CNET's Greg Sandoval recently posted a fascinating interview with Eric Garland of Big Champagne -- a California-based company that collects data on filesharing and sells it to the content industry (you know, like labels and film studios). As can be imagined, a lot of what Garland tells these companies isn't perceived as good news. But Big Champagne has been at it for a decade, during which peer-to-peer filesharing went from a "hmm, maybe we should pay attention to that," to a "OMG -- where did all of our sales go?" phenomenon.
Though the massive shifts in the production, distribution and sales of music have certainly changed the game for the mainstream biz, technological evolution has also created new opportunities for artists who are now using essentially the same tools as the biggest companies -- in many instances, with more success. Which isn't to say that rampant filesharing hasn't also negatively impacted artists (and indie labels) -- it's just that that some have been more quick to adapt to the new terrain.
Adaptation is part of what Garland recommends to companies seeking to come out of the other end of the digital transition with something of their business intact. This hasn't made him especially popular, but it's important to remember that the health of Garland's own company is tied to that of his clients -- if they go bust, he doesn't have anyone to sell his data to. Which is why Garland isn't shy about serving up the bitter medicine. In his view, the companies that entertain his prescription have the best chance of surviving.
The Q&A with CNET is mostly about the challenges Hollywood will soon face, but it does contain some keen observations on the music industry. Here's a particularly telling segment where Garland talks about how prevailing attitudes could result in a similarly precipitous fall for the movie biz:
We'll spend some number of months -- I'm just essentially recounting the music industry's journey -- filing vast numbers of infringement notifications, letting everybody and their granny know you're infringing our content. They'll take the temperature and they'll do surveys and collect data and they'll try to convince themselves that this is having a real effect in reversing the tide and then after some period it will just not have been convincingly demonstrated to have worked. And they'll realize that by any number of measures the piracy problem has only grown worse. But they will have to exhaust all of those things and more. They will have to chase legal remedies, legislative agendas, all the way to what they view as being the end of the line before they say "OK, so this really is the landscape we're stuck with. As much as we didn't want it, this appears to be it. Now we have to just dive in and make businesses that work here."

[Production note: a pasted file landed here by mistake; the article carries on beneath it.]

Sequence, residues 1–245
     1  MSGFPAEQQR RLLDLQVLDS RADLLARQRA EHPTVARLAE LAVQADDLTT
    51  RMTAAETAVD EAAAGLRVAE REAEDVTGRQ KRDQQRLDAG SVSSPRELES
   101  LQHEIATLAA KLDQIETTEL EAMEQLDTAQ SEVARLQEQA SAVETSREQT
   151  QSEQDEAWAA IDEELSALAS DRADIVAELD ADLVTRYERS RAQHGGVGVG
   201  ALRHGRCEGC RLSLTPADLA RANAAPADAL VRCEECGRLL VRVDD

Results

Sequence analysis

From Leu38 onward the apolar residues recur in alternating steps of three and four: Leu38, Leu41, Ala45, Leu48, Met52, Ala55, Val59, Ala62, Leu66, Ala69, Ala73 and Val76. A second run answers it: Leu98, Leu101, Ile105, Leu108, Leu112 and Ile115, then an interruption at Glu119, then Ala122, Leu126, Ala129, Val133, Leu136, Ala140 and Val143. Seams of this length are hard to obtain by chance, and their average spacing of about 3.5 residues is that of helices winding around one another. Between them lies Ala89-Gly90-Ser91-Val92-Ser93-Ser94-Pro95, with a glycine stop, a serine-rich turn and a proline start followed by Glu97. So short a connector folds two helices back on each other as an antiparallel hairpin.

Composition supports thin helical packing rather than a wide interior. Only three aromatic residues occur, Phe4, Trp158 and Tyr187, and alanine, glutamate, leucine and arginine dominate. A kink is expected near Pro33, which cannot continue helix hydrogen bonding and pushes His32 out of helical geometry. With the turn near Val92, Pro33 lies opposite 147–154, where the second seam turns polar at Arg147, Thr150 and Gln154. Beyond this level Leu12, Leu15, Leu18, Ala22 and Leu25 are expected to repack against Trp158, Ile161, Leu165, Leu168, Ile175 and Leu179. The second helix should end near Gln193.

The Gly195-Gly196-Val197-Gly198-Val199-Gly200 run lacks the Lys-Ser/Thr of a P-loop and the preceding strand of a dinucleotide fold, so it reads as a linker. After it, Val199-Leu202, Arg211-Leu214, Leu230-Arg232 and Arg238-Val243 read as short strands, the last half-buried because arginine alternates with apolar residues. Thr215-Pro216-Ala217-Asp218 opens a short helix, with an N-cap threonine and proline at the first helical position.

And that's where music has only just arrived in this country and note it hasn't even come close to arriving in a lot of European countries. If you ask Universal Music Group in the U.K. "Are you going to win this war on piracy?" They will say "Oh yes, swiftly and decisively and soon. The rate of peer-to-peer infringement will be down 70 percent in the U.K. in the next few months. They have specific targets. Not here. We've exhausted all of those paths. There's a big gap. If the music industry in this country just now sort of arrived at the conclusion where they say "We just have to play on this field even through it ain't home court and there isn't a lot of advantage." And in some territories, music hasn't even gotten there yet, then how can Hollywood be there? This is early in the journey. I do think it's going to be a quicker path. It has to be. The economics are going to come down faster.
It certainly isn't a happy-go-lucky message that Garland is delivering, but he says that to not pay attention could mean extinction (or close):
I spent years when everyone ignored what I was saying because I know it's not pleasant to hear. But my job is to help businesses all over this landscape to get from point A to point B with the least amount of pain. But that means getting smart and getting ready for the transition before the competition. I want them looking in the mirror now and not when it's too late. It's tricky. I want these guys to do well but l don't want them to tell themselves bedtime stories. That's what the music industry did.
They spent a lot of money going back to antipiracy and spent a lot of emotional dollars on vendors who sold them panaceas and told them everything is going to be okay. "Don't listen to Eric Garland," they said. "He's a gloom-and-doom guy. He gets off on telling you things are going to be terrible. Spend a few million dollars over here and we'll clean up the Internet for you. Hey, I understand that. I want to open up my wallet for that guy too. It's comfort food.
But my message to media companies is they don't have that kind of time anymore.
Check out the entire interview here.